In order to distinguish the similarities and differences between the side groups R1 and R2 with respect to Gram-negative and Gram-positive BC isoforms, we partitioned the library of 9,411 building blocks into 3,550 clusters using a Tanimoto coefficient threshold of 0.7. For each cluster of similar molecules, we calculated the overall enrichment at positions R1 and R2 across the screening library, for Gram-negative and Gram-positive species, separately. The BEDROC score was used to quantify the enrichment; this acronym stands for Boltzmann-enhanced discrimination of receiver operating characteristic [40]. The BEDROC score is a measure of enrichment that effectively accounts for the “early recognition problem” when analyzing ordered lists of compounds. The results are presented in Figure 8.

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Figure 7. Representative chemical structures of the top ten clusters of the side groups (a) R1 and (b) R2 constructed from the top ranked amino-oxazole derivatives.

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Figure 7. Representative chemical structures of the top ten clusters of the side groups (a) R1 and (b) R2 constructed from the top ranked amino-oxazole derivatives.
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Figure 8. Chemical specificity of the side groups R1 (a, c) and R2 (b, d) towards Gram-positive and Gram-negative species. (a, b) Correlation between BEDROC scores calculated using the clusters of building blocks. (c, d) The distribution of ΔBEDROC values (residuals) emphasizing the differences between Gram-positive and Gram-negative BC isoforms.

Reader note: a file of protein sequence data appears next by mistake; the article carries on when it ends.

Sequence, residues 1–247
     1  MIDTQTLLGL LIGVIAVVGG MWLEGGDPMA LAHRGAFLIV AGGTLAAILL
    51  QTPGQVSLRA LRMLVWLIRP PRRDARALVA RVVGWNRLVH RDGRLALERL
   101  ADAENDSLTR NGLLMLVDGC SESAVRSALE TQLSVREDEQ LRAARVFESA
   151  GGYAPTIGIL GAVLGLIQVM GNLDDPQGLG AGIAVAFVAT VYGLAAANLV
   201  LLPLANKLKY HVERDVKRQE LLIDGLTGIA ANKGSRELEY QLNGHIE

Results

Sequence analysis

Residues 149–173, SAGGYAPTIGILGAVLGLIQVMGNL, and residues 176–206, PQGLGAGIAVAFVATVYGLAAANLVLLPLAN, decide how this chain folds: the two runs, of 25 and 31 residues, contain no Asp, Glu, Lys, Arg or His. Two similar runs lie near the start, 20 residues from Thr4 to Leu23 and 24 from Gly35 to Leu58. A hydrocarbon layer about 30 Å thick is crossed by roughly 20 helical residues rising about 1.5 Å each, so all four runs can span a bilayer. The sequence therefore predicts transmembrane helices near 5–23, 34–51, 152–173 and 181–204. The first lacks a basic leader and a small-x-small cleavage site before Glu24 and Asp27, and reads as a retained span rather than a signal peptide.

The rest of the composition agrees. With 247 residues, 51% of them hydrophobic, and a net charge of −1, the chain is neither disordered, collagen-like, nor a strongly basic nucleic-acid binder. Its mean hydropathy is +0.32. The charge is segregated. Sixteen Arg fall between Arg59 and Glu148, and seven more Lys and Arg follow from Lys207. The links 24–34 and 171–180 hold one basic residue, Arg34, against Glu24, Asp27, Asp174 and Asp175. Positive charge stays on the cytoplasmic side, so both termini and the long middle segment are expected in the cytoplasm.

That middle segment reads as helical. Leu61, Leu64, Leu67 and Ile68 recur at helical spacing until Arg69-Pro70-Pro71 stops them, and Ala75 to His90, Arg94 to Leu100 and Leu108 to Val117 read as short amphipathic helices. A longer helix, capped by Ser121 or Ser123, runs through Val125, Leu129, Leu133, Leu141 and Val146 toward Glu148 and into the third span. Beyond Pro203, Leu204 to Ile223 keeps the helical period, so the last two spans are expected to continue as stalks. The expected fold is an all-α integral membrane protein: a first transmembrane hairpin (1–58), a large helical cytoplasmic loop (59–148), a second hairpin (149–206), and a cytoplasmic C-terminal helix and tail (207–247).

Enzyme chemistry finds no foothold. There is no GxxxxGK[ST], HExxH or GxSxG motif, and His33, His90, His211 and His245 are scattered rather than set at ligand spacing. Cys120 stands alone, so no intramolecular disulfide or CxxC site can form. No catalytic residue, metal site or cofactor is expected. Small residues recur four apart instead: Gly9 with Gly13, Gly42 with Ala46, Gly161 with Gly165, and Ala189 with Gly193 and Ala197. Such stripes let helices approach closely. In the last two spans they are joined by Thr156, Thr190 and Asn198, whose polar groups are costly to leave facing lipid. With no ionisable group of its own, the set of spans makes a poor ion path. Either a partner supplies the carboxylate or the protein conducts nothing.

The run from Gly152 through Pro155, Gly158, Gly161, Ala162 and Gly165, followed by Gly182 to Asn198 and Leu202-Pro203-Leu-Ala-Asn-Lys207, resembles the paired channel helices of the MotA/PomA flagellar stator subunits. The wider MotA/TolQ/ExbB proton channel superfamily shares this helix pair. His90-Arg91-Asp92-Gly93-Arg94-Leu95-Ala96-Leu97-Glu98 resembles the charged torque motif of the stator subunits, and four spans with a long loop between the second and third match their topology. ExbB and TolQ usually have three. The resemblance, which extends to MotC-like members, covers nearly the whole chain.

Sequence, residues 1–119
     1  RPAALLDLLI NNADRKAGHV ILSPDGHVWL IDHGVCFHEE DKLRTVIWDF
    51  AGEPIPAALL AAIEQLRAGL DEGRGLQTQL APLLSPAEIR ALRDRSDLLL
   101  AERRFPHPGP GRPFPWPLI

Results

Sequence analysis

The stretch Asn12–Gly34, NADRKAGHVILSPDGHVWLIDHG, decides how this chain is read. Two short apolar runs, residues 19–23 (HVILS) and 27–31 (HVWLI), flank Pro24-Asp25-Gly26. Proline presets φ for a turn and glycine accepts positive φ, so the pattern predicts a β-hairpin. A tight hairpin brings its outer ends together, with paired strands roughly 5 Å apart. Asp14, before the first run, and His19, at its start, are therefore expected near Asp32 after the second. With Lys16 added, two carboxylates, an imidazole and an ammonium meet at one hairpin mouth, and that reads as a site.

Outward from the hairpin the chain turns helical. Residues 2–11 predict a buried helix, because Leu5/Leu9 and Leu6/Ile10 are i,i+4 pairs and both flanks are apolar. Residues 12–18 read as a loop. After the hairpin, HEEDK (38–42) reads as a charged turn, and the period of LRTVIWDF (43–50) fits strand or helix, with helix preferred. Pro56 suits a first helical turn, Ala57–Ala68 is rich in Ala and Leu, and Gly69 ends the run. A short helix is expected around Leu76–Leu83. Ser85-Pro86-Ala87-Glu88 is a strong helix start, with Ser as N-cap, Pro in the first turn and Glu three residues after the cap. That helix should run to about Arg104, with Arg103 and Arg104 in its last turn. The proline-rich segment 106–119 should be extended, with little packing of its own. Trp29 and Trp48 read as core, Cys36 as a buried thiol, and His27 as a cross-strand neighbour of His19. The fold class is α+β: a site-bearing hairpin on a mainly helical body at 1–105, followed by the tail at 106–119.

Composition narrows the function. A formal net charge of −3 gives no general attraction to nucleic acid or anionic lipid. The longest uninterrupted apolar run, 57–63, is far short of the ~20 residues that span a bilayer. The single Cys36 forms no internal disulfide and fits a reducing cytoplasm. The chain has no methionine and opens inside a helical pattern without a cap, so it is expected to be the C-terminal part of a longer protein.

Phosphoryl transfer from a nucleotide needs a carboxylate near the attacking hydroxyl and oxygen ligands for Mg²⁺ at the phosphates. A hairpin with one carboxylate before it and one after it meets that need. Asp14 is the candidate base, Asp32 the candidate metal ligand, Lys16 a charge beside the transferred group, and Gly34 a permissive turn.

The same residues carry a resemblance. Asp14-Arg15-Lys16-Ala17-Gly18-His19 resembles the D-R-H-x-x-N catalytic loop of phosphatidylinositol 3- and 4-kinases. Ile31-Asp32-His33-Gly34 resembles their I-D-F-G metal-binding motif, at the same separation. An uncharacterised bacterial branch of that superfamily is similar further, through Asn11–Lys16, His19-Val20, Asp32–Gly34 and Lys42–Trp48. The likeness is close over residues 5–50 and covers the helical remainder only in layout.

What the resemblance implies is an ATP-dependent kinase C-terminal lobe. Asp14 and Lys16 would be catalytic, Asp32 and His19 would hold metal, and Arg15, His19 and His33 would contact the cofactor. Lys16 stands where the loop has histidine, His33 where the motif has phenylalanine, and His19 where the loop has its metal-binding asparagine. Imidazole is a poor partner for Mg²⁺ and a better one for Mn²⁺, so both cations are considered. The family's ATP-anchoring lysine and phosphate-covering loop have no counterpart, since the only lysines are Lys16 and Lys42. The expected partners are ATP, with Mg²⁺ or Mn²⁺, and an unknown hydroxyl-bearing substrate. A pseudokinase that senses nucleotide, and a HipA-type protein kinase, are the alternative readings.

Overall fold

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Figure 8. Chemical specificity of the side groups R1 (a, c) and R2 (b, d) towards Gram-positive and Gram-negative species. (a, b) Correlation between BEDROC scores calculated using the clusters of building blocks. (c, d) The distribution of ΔBEDROC values (residuals) emphasizing the differences between Gram-positive and Gram-negative BC isoforms.
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Figure 8a,b show the correlation of BEDROC scores between Gram-negative and Gram-positive BC isoforms at positions R1 and R2, respectively. The Pearson correlation coefficient for R1 and R2 is 0.91 and 0.93, respectively. Furthermore, Figure 8c,d show the distribution of residuals from the correlation plots, defined as the differences between BEDROC scores for Gram-negative and Gram-positive species (ΔBEDROC). A higher frequency of ΔBEDROC values below −0.05 and above 0.05 in Figure 8c compared to Figure 8d demonstrate that more building block clusters at position R1 are ranked differently using Gram-negative and Gram-positive BC isoforms than those at position R2. Consequently, fewer chemical moieties attached at R1 have consistently high ranks against Gram-negative and Gram-positive enzymes, suggesting that this position has a potentially higher impact on the pharmacological profile of amino-oxazole derivatives.